§ Teach for India is not a cousin of Teach for America. It is a totally independent organization, designed to meet the political and economic challenges particular to India. Nor is Teach for All the global arm of Teach for America: It is a global network of 40 independent member organizations, each one arising from and adapted to local circumstances.
Instead of undercutting good-faith efforts to transform educational inequities, why not focus on the political forces combating such efforts: the 1 percent’s refusal to pay their fair share of taxes, the politicians who fight against greater investment in education, even the unions that have been alienated by these efforts? It’s not in our enlightened self- interest to fight among ourselves.
Diana M. Smith
George Joseph Replies
Shaheen Mistri rightly criticizes the deplorable state of Indian educational development—and then praises her own organization, mentioning a study carried out by a for-profit consultancy and unnamed figures affiliated with Columbia University on Teach for India’s behalf. It is difficult for me to comment on the study’s findings or methodological quality, as the scant information about it online lacks details about the classroom-selection process. It is also unclear how well a classroom comparison could have been made, given that multiple TFI fellows often share the same teaching load as one government-school teacher (and often do not bear the same clerical, janitorial, and municipal-election responsibilities). Mistri’s final point—that “over 60 percent of our alumni stay full-time in education”—is also difficult to assess, as it evades the frequent charge that Teach for India lumps its potential long-term teachers in with its many alumni in education technology, consulting, nonprofit management, etc. Overall, Mistri’s vague point that TFI is working “for education” does not address criticisms that the program fails to challenge the inequality built into Indian schools and society, and thus will always come up short. After the article’s publication, many TFI alumni contacted me to voice this criticism.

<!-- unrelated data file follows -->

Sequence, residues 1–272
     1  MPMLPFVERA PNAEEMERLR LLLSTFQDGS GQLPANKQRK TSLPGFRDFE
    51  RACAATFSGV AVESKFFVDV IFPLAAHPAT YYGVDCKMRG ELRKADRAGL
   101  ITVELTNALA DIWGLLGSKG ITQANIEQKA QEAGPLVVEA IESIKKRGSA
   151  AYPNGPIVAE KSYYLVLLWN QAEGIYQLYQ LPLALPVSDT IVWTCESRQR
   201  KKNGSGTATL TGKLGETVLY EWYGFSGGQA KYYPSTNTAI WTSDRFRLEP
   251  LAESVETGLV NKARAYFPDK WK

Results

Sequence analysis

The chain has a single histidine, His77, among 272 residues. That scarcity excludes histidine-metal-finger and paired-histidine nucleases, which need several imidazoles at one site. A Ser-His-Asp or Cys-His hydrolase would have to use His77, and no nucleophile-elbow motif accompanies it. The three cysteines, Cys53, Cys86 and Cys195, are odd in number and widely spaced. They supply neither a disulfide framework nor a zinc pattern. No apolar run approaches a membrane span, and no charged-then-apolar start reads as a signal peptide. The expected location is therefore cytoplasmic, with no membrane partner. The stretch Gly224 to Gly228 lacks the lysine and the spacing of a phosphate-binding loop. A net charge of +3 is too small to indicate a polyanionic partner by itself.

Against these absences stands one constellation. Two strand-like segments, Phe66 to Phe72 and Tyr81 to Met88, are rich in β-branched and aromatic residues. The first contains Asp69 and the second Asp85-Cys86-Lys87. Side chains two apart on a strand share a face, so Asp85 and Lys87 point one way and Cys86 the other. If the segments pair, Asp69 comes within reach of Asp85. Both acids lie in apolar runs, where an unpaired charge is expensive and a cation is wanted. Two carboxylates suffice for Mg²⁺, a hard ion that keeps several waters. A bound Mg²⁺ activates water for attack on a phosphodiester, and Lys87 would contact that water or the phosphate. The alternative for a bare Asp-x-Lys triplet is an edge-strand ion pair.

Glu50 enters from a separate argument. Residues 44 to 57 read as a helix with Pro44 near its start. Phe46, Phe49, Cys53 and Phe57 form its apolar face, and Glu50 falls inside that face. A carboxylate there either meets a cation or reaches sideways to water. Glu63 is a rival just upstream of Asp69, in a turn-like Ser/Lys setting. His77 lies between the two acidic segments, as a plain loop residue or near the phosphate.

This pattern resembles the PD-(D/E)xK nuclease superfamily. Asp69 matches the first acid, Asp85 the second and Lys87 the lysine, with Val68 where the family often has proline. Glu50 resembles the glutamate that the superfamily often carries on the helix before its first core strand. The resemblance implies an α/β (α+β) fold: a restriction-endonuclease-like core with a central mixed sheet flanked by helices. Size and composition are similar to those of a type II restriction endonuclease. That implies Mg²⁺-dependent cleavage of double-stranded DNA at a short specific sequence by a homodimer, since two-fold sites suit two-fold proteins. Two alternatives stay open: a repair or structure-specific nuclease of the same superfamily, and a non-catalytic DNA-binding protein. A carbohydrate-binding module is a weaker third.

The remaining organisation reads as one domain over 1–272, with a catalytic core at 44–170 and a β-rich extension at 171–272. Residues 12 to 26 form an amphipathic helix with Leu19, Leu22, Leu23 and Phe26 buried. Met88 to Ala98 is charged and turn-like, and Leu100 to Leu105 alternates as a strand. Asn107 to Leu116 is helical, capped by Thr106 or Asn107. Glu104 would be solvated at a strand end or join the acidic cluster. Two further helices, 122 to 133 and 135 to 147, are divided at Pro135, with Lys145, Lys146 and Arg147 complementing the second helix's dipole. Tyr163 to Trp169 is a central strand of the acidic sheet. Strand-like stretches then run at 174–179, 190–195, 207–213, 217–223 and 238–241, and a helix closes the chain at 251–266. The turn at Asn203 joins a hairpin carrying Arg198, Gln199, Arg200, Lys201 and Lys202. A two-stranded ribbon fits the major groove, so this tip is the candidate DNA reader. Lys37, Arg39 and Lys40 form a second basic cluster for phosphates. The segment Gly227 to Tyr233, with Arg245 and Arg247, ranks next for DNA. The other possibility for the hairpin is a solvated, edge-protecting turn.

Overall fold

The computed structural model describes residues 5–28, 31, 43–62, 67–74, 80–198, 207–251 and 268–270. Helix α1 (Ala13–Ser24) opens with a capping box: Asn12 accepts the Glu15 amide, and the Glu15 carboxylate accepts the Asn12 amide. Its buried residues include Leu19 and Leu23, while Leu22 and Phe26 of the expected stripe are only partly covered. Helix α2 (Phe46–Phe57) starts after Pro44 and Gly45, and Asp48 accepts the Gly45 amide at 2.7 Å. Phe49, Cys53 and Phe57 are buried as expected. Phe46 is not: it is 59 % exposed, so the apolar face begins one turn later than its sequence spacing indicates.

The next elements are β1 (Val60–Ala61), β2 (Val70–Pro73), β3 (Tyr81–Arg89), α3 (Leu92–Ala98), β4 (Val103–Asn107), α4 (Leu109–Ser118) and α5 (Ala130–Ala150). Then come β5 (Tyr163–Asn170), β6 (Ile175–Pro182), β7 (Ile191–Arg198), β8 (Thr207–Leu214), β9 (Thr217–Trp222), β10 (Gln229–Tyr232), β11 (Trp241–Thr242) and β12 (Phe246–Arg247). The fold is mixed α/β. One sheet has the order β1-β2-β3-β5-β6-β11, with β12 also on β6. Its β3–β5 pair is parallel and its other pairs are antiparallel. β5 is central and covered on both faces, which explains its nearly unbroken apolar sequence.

Diana M. Smith’s argument is more convoluted. On the one hand, she claims Teach for America and Teach for India are, contrary to years of institutional collaboration and programmatic overlap, “totally independent.” On the other hand, her first two points seem to address my article on TFI by drawing on her personal experience with Teach for America. Her claim that no one she knows in “educational nonprofits” supports educational privatization belies the fact that a TFI board member was involved in pushing through public-private partnerships in Mumbai, to say nothing of its board members’ connections with explicitly pro-privatization groups. Smith concludes by calling for a focus on “the 1 percent’s refusal to pay their fair share of taxes,” ironically missing the key point of the article: TFI itself fails to call for wealth redistribution and greater state investment in education, in part because of its close ties to and dependence on many of India’s powerful corporate families.
Aaron Thier’s “Shelf Life” [Aug. 15/22] stated that Máir-tín Ó Cadhain’s Cré na Cille has a set piece in which two characters argue about who won a soccer match between Galway and Kerry. In fact, it was a Gaelic football match.